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Postgraduate training in Emergency Medicine began in 1970 with the establishment of the nation's first residency at the University of Cincinnati Medical Center. The residency started with one resident in 1970. As of July 2012, we have had 14 residency positions
per year, and we currently have 56 residents. The residency has full accreditation by the Accreditation Council for Graduate Medical Education. Many leaders throughout the world in both academic and clinical Emergency Medicine received their training
at the University of Cincinnati.
In July 1982 the Department of Emergency Medicine expanded its residency program from a three-year format to a four-year format. The residents and the training program have enjoyed substantial benefits in many ways as a result of this expansion. We believe that four years of Emergency Medicine training allows the resident to graduate with more clinical and professional maturity. While three years of clinical training is certainly adequate to become an Emergency Physician, a four-year model allows residents to develop more effectively into clinical and academic leaders. As mentioned, our residents are often ready to transition into leadership roles immediately after training or enter their top choice of fellowship. However, as there is very little ED clinical time during fellowships, a year of fellowship training is not equivalent to the fourth year of our program. The fourth year is structured as a junior faculty role in which the R4 oversees both EM R1s, off-service residents and medical students caring for patients in a 26-bed unit. This model allows the R4 to develop crucial skills both in ED management and supervision and education, while at the same time significantly increasing his or her own number of patient encounters. These are skills that serve our graduates well whether they seek out academic or community EM careers after residency training. Another benefit of the fourth year is the increased elective time available to allow for the development of a particular area of interest, the completion of research projects, or the strengthening of a perceived area of weakness. Not only do these additional experiences make our residents better clinicians, they help to prepare them for a career in academic medicine, should they choose to pursue such a pathway.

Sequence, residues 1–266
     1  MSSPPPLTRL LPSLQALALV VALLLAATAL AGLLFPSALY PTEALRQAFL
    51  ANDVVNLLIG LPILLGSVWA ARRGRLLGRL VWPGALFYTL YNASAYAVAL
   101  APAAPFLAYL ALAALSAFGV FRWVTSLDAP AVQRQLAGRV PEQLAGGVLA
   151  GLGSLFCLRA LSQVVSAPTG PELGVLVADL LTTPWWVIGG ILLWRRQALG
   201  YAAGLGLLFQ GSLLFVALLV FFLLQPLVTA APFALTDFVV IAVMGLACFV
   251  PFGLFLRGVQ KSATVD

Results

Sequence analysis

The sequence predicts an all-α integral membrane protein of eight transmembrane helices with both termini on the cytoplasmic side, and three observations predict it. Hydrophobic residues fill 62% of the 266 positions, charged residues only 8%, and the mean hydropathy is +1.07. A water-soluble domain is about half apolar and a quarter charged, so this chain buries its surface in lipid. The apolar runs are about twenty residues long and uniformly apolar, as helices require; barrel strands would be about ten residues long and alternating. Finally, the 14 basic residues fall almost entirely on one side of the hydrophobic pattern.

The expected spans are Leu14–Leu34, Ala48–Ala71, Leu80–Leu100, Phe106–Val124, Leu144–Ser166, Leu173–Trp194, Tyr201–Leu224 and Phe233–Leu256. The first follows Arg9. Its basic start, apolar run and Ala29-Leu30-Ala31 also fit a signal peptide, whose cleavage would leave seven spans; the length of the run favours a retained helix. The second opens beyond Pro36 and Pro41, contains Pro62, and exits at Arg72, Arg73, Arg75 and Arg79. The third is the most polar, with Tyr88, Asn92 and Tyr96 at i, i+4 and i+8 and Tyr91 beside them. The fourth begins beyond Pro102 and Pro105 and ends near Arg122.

Melissa MeeceProgram ManagerPhone: 513-558-8084Email: email@example.com
Kim ReganProgram CoordinatorPhone: 513-558-8996Email: firstname.lastname@example.org
Paula KlepperProgram CoordinatorPhone: 513-558-5552Email: email@example.com
Medical Sciences Building Room 1654231 Albert Sabin WayPO Box 670769Cincinnati, OH 45267-0769
Mail Location: 0769Phone: 513-558-5281Email: firstname.lastname@example.org